Asthma is a major public health problem in most countries. Strategies to better control this disease must include predisposing factors. One of these factors is smoking and a significant proportion of asthmatics are smokers. Despite the logical expectation that people with asthma would avoid exposure to cigarette smoke, studies suggest that smoking behaviour is prevalent among asthmatics at a rate similar or higher to that found in the general population.
Cigarette smoke triggers tightening of the lungs (bronchoconstriction) in asthmatic patients. Smoking asthmatics have more severe breathing problems, worse quality of life and a faster loss of breathing ability compared to non-smoking asthmatics. They are also more likely to have emergency room visits and are at a higher risk of dying following hospitalization for near-fatal asthma events.
Despite the importance of smoking as a factor in asthma, clinical trials studying new drugs for asthma generally exclude smokers.
We are interested in examining smoking asthma patients' response to specific classes of inhaler drugs called inhaled corticosteroids and if an add-on LAMA therapy results in better treatment of asthma in smokers, which would identify the benefit of add-on therapies in smoking asthmatics that could be addressed by new asthma medications.
The primary Objective is to compare the annualized rate of exacerbation among smoking asthmatics in two cohorts. Cohort I: Patients who had LAMA add-on to FD ICS/LABA and Cohort II: Matched patients who remained on the ICS/LABA regimen. Treatment failure will be defined as increased treatment dose, prescription of additional maintenance therapy, episode of moderate or severe asthma exacerbation or excessive use of short acting beta agonists (SABA).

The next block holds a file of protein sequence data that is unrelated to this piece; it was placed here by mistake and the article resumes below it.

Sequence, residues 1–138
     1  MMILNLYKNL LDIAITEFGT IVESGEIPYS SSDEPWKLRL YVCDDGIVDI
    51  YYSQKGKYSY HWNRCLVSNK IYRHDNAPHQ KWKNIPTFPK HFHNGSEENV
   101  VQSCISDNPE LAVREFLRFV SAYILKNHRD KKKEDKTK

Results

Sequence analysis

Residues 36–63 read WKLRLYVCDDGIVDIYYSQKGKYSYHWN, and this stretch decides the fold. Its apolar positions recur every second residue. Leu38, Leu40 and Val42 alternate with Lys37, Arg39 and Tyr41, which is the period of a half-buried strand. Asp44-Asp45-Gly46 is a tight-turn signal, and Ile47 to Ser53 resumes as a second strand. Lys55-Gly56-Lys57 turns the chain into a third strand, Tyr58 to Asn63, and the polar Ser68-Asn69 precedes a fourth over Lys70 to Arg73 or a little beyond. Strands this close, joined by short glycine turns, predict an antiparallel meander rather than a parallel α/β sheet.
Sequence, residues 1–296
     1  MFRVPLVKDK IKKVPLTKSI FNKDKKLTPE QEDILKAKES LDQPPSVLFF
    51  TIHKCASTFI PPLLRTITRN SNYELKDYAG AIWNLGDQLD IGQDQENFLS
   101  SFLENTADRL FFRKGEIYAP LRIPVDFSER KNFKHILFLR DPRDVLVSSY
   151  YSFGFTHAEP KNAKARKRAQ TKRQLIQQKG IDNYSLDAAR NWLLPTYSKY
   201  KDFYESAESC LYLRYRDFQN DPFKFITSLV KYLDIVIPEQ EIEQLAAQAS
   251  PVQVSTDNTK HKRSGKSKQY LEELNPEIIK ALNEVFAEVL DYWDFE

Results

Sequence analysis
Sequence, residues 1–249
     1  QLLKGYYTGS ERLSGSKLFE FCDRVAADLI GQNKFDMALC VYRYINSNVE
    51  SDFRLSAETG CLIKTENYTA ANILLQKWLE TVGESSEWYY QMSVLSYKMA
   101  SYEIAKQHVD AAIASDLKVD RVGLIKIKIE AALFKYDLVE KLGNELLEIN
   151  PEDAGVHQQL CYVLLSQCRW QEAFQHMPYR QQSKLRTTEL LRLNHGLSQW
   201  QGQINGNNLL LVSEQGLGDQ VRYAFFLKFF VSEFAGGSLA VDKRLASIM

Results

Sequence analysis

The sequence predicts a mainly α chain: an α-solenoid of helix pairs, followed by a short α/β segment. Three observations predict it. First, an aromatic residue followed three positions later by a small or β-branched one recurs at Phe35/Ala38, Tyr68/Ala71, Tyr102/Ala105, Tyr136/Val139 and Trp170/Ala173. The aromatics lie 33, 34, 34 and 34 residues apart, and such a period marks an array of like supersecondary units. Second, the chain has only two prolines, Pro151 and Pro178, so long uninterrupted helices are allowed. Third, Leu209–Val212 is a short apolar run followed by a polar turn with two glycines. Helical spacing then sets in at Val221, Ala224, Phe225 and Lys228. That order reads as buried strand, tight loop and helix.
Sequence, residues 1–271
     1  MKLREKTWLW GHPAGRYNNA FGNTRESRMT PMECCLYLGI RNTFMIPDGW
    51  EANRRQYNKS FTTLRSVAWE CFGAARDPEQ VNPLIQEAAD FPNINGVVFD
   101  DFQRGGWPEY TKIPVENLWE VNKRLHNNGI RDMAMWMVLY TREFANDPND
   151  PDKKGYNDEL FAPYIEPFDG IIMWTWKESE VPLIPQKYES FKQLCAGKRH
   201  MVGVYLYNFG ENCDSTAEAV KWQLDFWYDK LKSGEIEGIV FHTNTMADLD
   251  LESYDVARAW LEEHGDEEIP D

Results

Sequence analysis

The secondary objectives are to: compare time to exacerbation and annualized rate of exacerbations between medium or high dose ICS/LABA vs medium or high dose ICS/LABA + LAMA add-on; describe the asthma related and all-cause health care resource utilization (HCRU) in the two cohorts; describe SABA use in the two cohorts in the follow-up period.
Health Outcomes to be Measured:
The annualized rate of exacerbation among smoking asthmatics in two cohorts and between subgroups of these cohorts
The time to first exacerbation in smoking asthmatics in two cohorts and between subgroups of these cohorts
Health Care Resource Utilization (HCRU) in the two cohorts.
SABA use in the two cohorts in the follow-up period.
HES A&E;HES Admitted;ONS;Patient IMD;Practice IMD (Standard)